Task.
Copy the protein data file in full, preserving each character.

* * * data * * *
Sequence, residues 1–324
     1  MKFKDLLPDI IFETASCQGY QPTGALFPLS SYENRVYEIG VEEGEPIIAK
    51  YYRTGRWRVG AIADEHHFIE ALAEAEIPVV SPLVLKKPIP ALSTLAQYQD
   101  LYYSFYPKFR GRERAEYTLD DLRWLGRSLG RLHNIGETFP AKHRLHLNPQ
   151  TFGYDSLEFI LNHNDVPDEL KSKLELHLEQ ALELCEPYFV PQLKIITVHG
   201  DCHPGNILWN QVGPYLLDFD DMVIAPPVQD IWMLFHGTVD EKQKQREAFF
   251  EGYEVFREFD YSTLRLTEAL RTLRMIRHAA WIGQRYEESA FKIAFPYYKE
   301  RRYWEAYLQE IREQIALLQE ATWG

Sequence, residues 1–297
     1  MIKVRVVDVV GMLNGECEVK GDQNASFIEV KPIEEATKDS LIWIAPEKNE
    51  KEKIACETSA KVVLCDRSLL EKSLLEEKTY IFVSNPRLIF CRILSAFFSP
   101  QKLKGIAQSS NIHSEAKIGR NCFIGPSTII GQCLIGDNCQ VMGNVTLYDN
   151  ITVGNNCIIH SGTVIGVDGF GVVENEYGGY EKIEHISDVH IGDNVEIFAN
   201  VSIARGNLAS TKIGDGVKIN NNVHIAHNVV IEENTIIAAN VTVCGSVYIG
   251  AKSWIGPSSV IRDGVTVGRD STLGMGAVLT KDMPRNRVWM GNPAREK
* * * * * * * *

Sequence, residues 1–324
     1  MKFKDLLPDI IFETASCQGY QPTGALFPLS SYENRVYEIG VEEGEPIIAK
    51  YYRTGRWRVG AIADEHHFIE ALAEAEIPVV SPLVLKKPIP ALSTLAQYQD
   101  LYYSFYPKFR GRERAEYTLD DLRWLGRSLG RLHNIGETFP AKHRLHLNPQ
   151  TFGYDSLEFI LNHNDVPDEL KSKLELHLEQ ALELCEPYFV PQLKIITVHG
   201  DCHPGNILWN QVGPYLLDFD DMVIAPPVQD IWMLFHGTVD EKQKQREAFF
   251  EGYEVFREFD YSTLRLTEAL RTLRMIRHAA WIGQRYEESA FKIAFPYYKE
   301  RRYWEAYLQE IREQIALLQE ATWG

Sequence, residues 1–297
     1  MIKVRVVDVV GMLNGECEVK GDQNASFIEV KPIEEATKDS LIWIAPEKNE
    51  KEKIACETSA KVVLCDRSLL EKSLLEEKTY IFVSNPRLIF CRILSAFFSP
   101  QKLKGIAQSS NIHSEAKIGR NCFIGPSTII GQCLIGDNCQ VMGNVTLYDN
   151  ITVGNNCIIH SGTVIGVDGF GVVENEYGGY EKIEHISDVH IGDNVEIFAN
   201  VSIARGNLAS TKIGDGVKIN NNVHIAHNVV IEENTIIAAN VTVCGSVYIG
   251  AKSWIGPSSV IRDGVTVGRD STLGMGAVLT KDMPRNRVWM GNPAREK